Retirement Cards

We love to stay in touch with the people that we meet on the road. What do we use? Retirement cards and our website.

We had run out of our first set of retirement cards. We had ordered them from MOO in July of 2018.

We are now on our second run of retirement cards. They came in yesterday.

This was release one:

And our newest release:

We decided that we should include a picture of ourselves on the card. And, perhaps in a future release, a picture of ourselves with Tabby, our golden retriever.

The first card featured a photo of our coach at Petoskey Motorcoach Resort which is now operating as Petoskey RV Resort.

The new card features a photo of our coach at Myakka River Motorcoach Resort. We do miss that place! The photo of us is the same one that we use on our website. This was a photo taken at a family wedding in Venice, Florida in 2015.

The people we hope to stay connected with will usually receive a card from us and, if appropriate, we send them an invitation to join the mailing list on our website. That requires an email address. And, sadly, the folks that agree to joining our mailing list receive a daily email from yours truly.

Except on weekends. Thank heavens for small mercies.

We get our retirement cards from MOO. Great service and quality.

Our website runs WordPress self-hosted at Siteground. They run over 2 million domains and they do an awesome job for us.

A few ways that have allowed us to stay in touch with our friends and family as we travel.

Replacing the Winegard Trav’ler SK-1000 Dish

The time had come. Or rather, this box had come. And what was inside this rather imposing box?

A replacement motor turret for our Winegard Trav’ler SK-1000 Satellite Dish. I needed one other critical piece of equipment however. And that was the Xtend + Climb 785P ladder. It arrived just in time for me to replace our satellite TV system yesterday.

The first problem was how to get the motor turret up to the roof. I had two people help me remove the unit back in Florida.

We don’t know many people yet at Desert Shores and that left us with two choices: hire someone to reinstall the unit or do it ourselves.

Being a self-reliant type of guy, the DIY route won. With help from Lorraine of course.

I needed to get the unit up the ladder and I needed someone at the top of the coach to help me swing it over the roofline. Lorraine was willing to climb up to the roof and give me a hand.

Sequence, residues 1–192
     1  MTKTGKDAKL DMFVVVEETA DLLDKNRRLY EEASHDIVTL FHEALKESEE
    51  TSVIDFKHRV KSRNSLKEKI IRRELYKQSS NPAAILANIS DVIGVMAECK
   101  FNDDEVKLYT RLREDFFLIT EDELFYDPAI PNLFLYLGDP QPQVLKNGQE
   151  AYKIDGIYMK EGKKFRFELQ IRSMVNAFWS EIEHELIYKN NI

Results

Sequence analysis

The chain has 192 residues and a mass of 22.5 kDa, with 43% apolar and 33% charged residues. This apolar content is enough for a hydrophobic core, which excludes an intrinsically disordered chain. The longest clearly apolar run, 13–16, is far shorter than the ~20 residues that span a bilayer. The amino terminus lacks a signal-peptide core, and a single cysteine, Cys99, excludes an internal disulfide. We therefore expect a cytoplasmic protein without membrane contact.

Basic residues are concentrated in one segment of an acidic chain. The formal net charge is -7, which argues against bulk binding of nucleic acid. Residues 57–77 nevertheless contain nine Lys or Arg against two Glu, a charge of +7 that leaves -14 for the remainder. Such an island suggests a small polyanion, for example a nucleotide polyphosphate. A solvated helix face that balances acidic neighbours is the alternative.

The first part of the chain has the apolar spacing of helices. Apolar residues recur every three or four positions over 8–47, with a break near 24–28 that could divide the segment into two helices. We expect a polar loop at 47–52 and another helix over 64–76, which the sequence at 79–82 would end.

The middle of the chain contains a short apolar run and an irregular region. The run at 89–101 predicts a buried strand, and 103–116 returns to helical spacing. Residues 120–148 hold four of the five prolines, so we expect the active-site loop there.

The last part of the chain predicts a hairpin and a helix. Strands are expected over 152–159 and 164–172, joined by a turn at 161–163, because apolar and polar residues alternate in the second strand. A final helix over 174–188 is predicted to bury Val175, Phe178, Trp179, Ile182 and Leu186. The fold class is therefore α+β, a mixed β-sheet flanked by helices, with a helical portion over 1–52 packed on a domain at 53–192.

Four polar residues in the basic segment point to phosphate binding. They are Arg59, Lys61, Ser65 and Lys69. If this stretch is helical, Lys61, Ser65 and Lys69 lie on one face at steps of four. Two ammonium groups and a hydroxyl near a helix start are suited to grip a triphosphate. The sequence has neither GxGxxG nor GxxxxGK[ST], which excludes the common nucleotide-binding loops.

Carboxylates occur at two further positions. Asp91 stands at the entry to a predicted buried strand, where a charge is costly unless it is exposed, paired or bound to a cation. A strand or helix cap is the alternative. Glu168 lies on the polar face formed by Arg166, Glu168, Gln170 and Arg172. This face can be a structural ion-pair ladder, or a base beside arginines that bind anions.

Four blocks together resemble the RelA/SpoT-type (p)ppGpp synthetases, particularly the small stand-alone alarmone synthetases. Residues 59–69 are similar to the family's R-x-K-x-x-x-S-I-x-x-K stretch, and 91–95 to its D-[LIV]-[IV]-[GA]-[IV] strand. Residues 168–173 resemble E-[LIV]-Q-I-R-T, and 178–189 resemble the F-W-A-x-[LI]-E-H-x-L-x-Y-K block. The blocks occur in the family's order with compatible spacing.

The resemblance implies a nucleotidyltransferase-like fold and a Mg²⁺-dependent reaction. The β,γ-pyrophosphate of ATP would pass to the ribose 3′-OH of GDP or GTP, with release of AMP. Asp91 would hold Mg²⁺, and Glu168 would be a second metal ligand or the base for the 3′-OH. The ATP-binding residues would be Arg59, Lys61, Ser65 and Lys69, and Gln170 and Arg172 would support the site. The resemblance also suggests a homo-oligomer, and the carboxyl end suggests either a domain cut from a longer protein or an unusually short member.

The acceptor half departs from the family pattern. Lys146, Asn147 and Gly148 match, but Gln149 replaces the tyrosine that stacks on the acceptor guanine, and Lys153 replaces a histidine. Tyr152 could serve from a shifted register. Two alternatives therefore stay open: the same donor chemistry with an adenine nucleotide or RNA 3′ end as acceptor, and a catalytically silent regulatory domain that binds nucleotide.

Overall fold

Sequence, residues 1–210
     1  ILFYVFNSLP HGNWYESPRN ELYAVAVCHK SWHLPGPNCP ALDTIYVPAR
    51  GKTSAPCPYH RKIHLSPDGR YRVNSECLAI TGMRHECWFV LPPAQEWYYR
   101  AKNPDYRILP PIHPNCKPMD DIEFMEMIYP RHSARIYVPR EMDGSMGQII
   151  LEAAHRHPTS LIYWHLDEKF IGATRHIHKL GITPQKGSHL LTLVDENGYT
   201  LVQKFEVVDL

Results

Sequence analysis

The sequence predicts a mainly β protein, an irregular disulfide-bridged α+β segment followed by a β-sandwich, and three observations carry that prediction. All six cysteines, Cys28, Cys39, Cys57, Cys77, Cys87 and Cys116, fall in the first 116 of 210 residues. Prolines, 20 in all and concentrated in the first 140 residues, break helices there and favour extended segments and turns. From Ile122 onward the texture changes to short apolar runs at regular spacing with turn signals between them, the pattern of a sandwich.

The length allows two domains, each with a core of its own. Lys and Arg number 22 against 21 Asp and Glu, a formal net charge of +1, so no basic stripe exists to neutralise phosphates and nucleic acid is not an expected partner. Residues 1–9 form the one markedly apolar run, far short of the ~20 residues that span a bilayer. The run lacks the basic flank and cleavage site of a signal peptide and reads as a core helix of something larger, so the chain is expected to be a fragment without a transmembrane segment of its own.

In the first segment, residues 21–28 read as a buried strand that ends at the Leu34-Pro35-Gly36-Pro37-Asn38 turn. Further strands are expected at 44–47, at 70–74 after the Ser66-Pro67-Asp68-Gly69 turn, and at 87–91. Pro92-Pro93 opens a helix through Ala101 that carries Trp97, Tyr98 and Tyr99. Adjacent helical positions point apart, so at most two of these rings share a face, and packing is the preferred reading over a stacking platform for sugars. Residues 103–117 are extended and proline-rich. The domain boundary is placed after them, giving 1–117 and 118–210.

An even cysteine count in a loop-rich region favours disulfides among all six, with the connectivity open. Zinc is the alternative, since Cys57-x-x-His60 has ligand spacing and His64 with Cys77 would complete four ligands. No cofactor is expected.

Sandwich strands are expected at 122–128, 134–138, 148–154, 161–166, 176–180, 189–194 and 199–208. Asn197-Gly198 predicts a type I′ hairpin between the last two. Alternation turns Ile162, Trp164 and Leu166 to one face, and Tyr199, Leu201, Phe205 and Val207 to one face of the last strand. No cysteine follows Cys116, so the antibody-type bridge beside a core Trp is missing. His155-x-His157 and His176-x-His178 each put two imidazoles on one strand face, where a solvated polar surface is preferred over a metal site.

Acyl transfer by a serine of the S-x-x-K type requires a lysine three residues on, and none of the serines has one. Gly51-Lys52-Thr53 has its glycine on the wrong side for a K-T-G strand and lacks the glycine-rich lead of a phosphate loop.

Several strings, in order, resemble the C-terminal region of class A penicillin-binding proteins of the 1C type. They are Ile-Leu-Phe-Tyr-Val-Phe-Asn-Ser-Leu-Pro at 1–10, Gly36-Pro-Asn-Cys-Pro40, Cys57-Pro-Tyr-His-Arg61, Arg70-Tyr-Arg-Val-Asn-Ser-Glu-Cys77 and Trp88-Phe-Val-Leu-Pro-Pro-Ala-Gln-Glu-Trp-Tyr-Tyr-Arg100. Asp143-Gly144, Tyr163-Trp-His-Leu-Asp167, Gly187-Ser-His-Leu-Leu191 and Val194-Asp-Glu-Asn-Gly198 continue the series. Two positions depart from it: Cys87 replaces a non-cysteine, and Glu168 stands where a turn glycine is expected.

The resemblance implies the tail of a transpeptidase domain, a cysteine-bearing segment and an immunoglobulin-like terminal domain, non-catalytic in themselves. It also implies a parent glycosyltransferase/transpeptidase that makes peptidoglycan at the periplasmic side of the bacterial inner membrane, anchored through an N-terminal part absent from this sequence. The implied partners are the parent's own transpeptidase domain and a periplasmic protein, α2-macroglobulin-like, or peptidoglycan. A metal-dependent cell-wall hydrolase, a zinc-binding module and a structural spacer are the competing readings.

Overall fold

I moved everything else up to the roof first: tools, the dish and parabolic arm, bolts and other assorted items.

I lifted the roughly 40 pound motor turret with one arm and climbed up the ladder, gently hoisting it over the top to Lorraine where she placed it on some pads.

Winegard provided no documentation on how to replace the unit. I used the original documentation that outlined the process to remove the dish and I worked through that process in reverse.

And that was fine until I got to the part that required assembly of the parabolic arm and dish.

The arm on top of the turret was in the stowed position, face down. Obviously not possible to reconnect the parabolic arm and dish. What to do?

Nothing in the limited documentation. Nothing on the web.

We called Winegard technical support for some help.

They suggested that I go down to the interface box in our coach and reconnect the power. Then initiate the process to connect the antenna. And, once the pivot arm had opened up, press “Power” and “Select” on the interface box. That will stop the process and allow the parabolic arm and dish to be reassembled to the unit.

It worked. I am a profoundly happy RV geek.

To finish the reassembly work was straightforward. A few bolts and a bit of elbow grease.

I went back down into the coach to test the new system and everything seemed to work fine although we are not able to lock on to the Dish satellites at 110, 119 and 129 degrees. Those satellites are only visible on the other side of the country and not here in California. I might be able to lock on to the satellite at 61.5 degrees using the manual tuning mode but I haven’t tried it yet. By the time we got everything done, it was getting late in the day. It was time to stow the antenna and tidy up.